Tibetan exiles repudiate "coerced" agreement of 1951
Phayul[Tuesday, May 24, 2011 10:13]
Dharamsala, May 24 - China on Monday marked the 60th anniversary of what it called "the peaceful liberation of Tibet" as hundreds of exile Tibetans at the second Tibetan General Body Meeting discuss the amendments to their Charter concerning the Dalai Lama's retirement. "Tibet is "an inseparable part of China" and "its fate has always been closely linked with that of the motherland," said China's top political advisor, Jia Qinglin, at a symposium marking 60 years since signing of the 17th Point Agreement between China and Tibet.

Meanwhile, exile Tibetans called the agreement "controversial" saying they were "coerced to sign it" or face invasion by military force.

"His Holiness the Dalai Lama made utmost efforts to uphold the agreement despite the fact that Tibetans were coerced to sign it. But the Chinese government violated it by using brute force to bring about systematic annihilation of every vestige of Tibet and Tibetan people's identity. The unprecedented National Uprising of Tibetans against the Chinese government's repression in 1959 was the last straw which led to the massacre of tens of thousands of Tibetans and the exile of His Holiness the Dalai Lama," said a joint statement issued Monday by the participants of the second Tibetan General Body Meeting.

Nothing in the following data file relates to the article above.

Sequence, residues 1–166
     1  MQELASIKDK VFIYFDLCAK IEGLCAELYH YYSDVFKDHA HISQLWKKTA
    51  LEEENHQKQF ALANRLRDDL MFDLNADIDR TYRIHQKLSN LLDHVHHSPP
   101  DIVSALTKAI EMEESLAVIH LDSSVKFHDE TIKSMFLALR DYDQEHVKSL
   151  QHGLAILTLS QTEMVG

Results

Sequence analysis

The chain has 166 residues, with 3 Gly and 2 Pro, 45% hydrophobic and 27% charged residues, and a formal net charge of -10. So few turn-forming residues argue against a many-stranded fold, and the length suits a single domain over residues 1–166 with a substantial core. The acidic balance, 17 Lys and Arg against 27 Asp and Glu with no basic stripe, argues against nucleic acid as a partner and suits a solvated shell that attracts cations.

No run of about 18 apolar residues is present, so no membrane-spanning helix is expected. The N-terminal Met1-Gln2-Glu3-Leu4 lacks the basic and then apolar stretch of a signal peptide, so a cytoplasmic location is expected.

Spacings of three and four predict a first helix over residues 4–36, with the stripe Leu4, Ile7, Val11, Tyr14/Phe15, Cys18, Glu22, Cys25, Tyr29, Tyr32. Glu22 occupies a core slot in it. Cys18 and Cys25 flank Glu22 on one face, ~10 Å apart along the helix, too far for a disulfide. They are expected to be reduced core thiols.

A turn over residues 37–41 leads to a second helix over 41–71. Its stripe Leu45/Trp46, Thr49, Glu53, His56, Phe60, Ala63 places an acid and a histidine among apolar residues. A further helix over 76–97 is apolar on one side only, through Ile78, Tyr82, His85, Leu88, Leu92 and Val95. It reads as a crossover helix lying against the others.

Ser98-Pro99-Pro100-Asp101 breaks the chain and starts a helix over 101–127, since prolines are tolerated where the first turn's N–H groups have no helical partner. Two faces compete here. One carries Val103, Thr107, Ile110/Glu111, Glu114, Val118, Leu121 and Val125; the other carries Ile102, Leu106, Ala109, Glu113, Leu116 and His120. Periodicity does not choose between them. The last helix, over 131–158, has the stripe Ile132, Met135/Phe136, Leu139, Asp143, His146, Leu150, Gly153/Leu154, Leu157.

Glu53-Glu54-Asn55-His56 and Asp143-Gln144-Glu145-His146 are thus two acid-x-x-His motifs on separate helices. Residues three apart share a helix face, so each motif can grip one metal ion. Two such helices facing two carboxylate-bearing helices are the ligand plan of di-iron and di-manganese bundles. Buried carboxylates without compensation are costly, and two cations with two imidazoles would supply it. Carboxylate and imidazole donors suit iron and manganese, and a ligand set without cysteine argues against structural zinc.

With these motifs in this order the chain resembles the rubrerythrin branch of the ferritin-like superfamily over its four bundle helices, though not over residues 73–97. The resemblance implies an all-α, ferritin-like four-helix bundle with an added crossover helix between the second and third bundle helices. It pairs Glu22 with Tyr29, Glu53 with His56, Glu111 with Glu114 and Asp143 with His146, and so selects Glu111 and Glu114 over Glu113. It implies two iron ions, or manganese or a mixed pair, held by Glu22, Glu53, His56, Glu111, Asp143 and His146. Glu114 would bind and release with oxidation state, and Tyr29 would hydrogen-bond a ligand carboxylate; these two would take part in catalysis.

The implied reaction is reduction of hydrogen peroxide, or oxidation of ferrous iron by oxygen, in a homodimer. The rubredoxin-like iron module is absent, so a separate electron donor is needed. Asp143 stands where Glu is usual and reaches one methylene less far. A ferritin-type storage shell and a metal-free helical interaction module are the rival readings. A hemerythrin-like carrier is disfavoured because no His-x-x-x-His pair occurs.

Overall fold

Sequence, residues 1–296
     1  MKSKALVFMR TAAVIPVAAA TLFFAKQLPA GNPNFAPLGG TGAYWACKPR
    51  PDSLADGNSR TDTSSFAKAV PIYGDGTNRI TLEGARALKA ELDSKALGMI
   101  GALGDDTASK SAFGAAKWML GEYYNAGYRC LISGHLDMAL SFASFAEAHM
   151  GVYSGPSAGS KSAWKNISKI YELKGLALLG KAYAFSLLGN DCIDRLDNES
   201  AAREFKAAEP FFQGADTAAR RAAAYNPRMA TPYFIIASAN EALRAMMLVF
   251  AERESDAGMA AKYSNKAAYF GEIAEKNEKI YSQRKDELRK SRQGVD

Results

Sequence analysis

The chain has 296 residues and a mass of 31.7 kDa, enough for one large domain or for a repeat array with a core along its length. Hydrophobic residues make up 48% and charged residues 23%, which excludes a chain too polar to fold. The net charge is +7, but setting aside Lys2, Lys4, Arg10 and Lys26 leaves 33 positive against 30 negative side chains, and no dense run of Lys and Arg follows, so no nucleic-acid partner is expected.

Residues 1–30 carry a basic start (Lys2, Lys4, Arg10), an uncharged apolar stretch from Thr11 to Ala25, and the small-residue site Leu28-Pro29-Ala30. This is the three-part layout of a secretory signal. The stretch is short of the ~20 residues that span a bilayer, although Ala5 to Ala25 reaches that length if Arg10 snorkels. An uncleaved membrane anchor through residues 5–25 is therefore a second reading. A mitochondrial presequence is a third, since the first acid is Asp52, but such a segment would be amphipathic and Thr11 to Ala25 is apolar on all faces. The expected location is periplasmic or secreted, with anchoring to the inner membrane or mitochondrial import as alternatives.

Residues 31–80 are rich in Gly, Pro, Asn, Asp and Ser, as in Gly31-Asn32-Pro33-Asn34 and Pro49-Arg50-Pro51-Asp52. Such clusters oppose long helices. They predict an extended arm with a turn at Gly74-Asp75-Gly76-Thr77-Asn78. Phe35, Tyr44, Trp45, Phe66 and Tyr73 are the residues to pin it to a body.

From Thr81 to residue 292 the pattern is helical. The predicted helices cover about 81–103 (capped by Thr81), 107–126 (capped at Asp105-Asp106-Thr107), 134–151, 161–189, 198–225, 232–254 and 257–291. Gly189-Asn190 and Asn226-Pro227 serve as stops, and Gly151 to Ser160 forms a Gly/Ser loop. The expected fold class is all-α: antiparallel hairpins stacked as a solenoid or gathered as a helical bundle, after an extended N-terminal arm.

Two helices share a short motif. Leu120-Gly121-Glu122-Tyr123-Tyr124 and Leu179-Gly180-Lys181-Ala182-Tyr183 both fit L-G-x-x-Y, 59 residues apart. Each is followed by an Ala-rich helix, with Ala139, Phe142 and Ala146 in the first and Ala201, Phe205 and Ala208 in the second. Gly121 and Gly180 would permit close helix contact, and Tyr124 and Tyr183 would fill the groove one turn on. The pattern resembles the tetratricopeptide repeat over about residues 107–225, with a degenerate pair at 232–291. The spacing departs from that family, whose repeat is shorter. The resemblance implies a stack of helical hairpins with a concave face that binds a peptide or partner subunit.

18 April 1959, immediately after coming into exile in India, the Tibetan leader His Holiness the Dalai Lama formally repudiated the agreement, said the statement.

In his book Tibet and Its History, Hugh Richardson, Britain’s last and independent India’s first representative who spent nine years in Tibet, wrote, “The long, tendentious manifesto, masquerading as the preamble to the agreement, in which the Chinese took the opportunity of falsifying history and justifying the use of force, cannot conceal that Tibet had lately been a separate entity.”

"China’s propaganda on bringing development to Tibet was exposed by the then Communist Party Secretary, Hu Yaobang. After witnessing the extent of poverty in Central Tibet in 1980, he stated that the living standard should be brought up to the pre-1959 level," the statement further added.

The statement added that the struggle of the Tibetan people to secure a better future for themselves has intensified over the last sixty years no matter how much of fanfare China commemorates this infamous agreement with. "The 60th anniversary celebration of the agreement will not whitewash the atrocities committed on the Tibetan people by the occupying power."

Ngabo Ngawang Jigmey, the man who represented the Tibetan side in the agreement, died in 2009. His death, however, was mourned by China as well as the Tibetan government in exile.